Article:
Sajat (L) played on the varsity soccer team while an upper school student at Pace. Photo: Jennifer Smith

After escaping the Taliban, walking for 10 days from Afghanistan to Pakistan and later fleeing Pakistan and walking for many months to Iran and then Azerbaijan, Sajat Rabbani finally arrived in the United States at the age of eight. Sajat and his family endured unimaginable hardships on their journey, even being held up at gunpoint at the Azerbijan border and forced to give up all their money. Life as a refugee walking hundreds of miles in search of a safer, more stable life is another world from life at Pace Academy in the United States. However, the Pace alumnus and Afghan refugee from the Class of 2013 is no stranger to this extreme transition.

Sajat and his family “lived in Azerbaijan for a year and a half, waiting for [their] chance to make it to America,” he said. They submitted an application to immigrate to the United States, and “after a year of waiting and praying, the government provided the Rabbanis with visas and tickets,” according James Rushton in his story in the Nov. 5, 2010 issue of The Knightly News.

More recently, according to Sajat, some of his distant family members have been trying to come to the United States, but immigrating to another country requires many years of vetting and applications. “You must have a genuine case for seeking asylum,” said Sajat. “Anyone who wants to come to the United States needs to apply for a visa and this usually is rejected.”

Because some of his family was unable to come to the United States, many had to immigrate to either Germany or England. These family members have had to wait months and even years to get approved to live in these countries.

“Global events have a huge impact on immigration as well,” said Sajat. “My family and I were in Iran when 9/11 occurred and our application for asylum was delayed for a couple of years because of it. We had to go through many more steps to get approval to come to United States.” Stories of immigrants in the United States vary. “It depends on the culture and values of the people that come,” said Sajat. “Of course a certain amount of difficulty is to be expected. Anyone who has ever moved to another country whose culture, language and religion were different could tell you of difficulties they faced. This is a common thing people all over the world experience.”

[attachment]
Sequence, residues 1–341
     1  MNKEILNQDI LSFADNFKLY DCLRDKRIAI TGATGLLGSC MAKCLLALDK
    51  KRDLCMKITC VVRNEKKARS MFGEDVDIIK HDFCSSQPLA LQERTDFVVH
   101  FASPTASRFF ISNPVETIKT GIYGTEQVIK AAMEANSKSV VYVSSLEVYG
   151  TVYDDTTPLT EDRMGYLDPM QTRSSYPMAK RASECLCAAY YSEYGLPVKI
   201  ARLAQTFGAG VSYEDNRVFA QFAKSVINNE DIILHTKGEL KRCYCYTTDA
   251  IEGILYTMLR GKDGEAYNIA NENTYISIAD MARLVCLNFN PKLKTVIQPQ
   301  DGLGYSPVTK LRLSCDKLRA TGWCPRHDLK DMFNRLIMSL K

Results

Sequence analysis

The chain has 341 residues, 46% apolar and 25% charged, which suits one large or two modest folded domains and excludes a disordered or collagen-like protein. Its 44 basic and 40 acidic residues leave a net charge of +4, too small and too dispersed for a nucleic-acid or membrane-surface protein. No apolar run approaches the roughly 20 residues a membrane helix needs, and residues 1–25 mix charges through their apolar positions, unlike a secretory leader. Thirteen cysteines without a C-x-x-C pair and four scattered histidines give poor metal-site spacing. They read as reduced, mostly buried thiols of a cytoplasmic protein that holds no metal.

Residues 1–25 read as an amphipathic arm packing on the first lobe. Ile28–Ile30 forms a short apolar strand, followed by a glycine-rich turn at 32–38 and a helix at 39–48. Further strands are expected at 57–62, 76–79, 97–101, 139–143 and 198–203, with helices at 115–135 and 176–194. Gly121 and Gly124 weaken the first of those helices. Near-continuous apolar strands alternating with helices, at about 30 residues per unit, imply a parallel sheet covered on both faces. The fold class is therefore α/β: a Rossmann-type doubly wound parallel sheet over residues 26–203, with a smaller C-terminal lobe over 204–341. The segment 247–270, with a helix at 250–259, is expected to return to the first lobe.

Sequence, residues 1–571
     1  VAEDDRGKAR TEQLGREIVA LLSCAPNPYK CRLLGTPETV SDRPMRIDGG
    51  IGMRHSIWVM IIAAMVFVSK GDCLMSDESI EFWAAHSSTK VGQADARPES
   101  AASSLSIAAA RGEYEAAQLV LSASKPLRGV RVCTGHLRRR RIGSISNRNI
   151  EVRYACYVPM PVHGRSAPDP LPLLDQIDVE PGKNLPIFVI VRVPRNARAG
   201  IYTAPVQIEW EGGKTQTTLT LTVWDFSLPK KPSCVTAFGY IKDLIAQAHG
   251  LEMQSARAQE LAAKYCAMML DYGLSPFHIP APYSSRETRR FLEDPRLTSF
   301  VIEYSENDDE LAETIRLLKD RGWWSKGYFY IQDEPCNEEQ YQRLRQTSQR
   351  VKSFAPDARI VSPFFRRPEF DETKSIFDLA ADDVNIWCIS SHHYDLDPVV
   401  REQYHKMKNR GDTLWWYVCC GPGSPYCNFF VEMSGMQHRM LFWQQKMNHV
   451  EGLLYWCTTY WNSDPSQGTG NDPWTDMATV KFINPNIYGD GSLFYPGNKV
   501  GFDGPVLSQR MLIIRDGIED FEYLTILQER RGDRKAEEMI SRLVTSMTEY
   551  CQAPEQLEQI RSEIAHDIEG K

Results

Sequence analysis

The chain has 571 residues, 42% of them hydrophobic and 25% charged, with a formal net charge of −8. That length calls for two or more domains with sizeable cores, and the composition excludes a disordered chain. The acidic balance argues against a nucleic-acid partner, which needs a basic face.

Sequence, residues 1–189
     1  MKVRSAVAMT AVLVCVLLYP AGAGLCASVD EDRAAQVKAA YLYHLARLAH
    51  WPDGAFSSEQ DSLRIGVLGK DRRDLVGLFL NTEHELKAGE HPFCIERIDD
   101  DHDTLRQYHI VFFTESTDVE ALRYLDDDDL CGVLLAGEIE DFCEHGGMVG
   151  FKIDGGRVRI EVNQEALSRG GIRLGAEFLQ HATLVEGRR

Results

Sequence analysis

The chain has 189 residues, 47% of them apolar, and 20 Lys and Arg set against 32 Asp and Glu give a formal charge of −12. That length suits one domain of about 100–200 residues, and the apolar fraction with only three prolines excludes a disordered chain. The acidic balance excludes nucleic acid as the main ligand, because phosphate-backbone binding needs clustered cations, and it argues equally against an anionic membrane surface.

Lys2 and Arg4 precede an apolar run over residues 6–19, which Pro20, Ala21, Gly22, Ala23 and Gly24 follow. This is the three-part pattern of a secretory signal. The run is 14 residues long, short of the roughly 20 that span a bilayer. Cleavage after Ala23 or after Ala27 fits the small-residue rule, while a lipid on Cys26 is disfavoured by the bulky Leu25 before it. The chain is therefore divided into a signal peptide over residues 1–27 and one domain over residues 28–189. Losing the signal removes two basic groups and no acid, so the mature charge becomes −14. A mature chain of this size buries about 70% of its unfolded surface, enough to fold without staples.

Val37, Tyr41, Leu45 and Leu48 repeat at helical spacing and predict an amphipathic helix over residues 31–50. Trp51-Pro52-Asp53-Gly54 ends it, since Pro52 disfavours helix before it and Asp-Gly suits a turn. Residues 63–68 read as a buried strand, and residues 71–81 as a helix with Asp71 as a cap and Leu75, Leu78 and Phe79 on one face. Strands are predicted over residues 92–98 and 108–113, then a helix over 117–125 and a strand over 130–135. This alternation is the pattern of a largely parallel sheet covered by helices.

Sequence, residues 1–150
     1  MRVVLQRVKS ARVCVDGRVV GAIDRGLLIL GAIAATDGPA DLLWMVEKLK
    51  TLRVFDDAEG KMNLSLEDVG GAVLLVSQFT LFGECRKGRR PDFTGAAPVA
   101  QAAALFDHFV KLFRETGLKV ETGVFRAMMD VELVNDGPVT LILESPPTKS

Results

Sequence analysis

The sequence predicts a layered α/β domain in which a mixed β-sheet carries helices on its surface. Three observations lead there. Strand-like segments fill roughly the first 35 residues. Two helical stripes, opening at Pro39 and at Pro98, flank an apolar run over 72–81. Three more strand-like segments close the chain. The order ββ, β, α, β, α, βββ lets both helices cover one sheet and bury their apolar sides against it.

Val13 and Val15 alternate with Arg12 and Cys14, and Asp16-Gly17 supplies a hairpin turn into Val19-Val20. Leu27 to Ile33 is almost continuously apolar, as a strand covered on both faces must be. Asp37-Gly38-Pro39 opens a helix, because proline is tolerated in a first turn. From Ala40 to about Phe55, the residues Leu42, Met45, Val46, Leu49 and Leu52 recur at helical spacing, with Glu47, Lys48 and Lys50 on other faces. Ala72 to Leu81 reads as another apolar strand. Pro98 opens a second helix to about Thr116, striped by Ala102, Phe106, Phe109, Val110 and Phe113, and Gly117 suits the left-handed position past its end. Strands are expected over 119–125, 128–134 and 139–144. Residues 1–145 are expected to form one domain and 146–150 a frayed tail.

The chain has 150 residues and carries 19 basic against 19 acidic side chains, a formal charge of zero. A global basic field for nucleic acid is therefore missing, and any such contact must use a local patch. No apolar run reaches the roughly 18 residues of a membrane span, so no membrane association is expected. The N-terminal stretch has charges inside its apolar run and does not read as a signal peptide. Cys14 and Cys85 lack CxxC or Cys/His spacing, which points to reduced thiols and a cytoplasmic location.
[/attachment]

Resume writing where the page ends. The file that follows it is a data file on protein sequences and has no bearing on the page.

After attending both Indian Creek Elementary School and International Community School, Sajat found his fit at Pace Academy in the seventh grade. “Pace life was helped by the fact that we were all students,” said Sajat. “We all had the same homework and ate the same lunch, so from that point of view, once everyone is in school, the differences in culture and wealth disappear.” He felt completely embraced by the Pace community and thought that the students and faculty were extremely supportive and understanding whenever he faced challenges.

Sajat’s commute from school was much more difficult than the average Pace student. It consisted of various teachers volunteering to drive him from Pace to MARTA every single afternoon and morning. The trip home on MARTA included two trains and a bus, and walking the rest of the way. “These kind gestures have remained with me as a wonderful memory of some of my teachers,” said Sajat.

Life at Pace was going great, but there were complications when Sajat was trying to get into college. He had very little idea of how the whole college process worked and his parents could not help him much. He had to rely on his college counselor to help him figure everything out. “The most complicated part of it was figuring out financial aid awards, something I’ve had to continue to deal with even in my senior year,” said Sajat. Sajat currently attends Boston College.

“Getting into a really good school, like Boston College is the fulfillment of an aspiration,” said Sajat. “Very few people in the world have such an opportunity, and I consider myself an extremely fortunate person.” He is majoring in political science and will hopefully attend law school after graduation. “I would love to go into government, but I have a lot of loans to pay off so I have to get that sorted as well,” said Sajat.

Although his family members are sad he is so far away from home, coming from such a tough situation in Afghanistan they are extremely proud of all his accomplishments. “The education I received is not something I have ever taken for granted,” said Sajat. “I grew up going to Pace, and a lot of my own character can be traced back to my experiences during my time at Pace. I am always proud to say I attended Pace Academy.”